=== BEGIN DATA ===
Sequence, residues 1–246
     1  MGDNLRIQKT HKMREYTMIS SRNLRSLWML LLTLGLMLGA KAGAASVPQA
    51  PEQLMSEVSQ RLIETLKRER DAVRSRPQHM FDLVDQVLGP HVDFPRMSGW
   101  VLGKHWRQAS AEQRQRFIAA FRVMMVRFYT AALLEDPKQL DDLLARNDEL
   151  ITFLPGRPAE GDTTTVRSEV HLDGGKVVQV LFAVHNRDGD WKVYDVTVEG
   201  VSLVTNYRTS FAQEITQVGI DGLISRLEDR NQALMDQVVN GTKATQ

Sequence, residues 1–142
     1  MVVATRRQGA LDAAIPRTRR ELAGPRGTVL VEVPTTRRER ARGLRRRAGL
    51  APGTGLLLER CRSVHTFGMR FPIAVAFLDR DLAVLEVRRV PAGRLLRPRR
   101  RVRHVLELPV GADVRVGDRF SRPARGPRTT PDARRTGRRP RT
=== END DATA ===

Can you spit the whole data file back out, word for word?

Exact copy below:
Sequence, residues 1–246
     1  MGDNLRIQKT HKMREYTMIS SRNLRSLWML LLTLGLMLGA KAGAASVPQA
    51  PEQLMSEVSQ RLIETLKRER DAVRSRPQHM FDLVDQVLGP HVDFPRMSGW
   101  VLGKHWRQAS AEQRQRFIAA FRVMMVRFYT AALLEDPKQL DDLLARNDEL
   151  ITFLPGRPAE GDTTTVRSEV HLDGGKVVQV LFAVHNRDGD WKVYDVTVEG
   201  VSLVTNYRTS FAQEITQVGI DGLISRLEDR NQALMDQVVN GTKATQ

Sequence, residues 1–142
     1  MVVATRRQGA LDAAIPRTRR ELAGPRGTVL VEVPTTRRER ARGLRRRAGL
    51  APGTGLLLER CRSVHTFGMR FPIAVAFLDR DLAVLEVRRV PAGRLLRPRR
   101  RVRHVLELPV GADVRVGDRF SRPARGPRTT PDARRTGRRP RT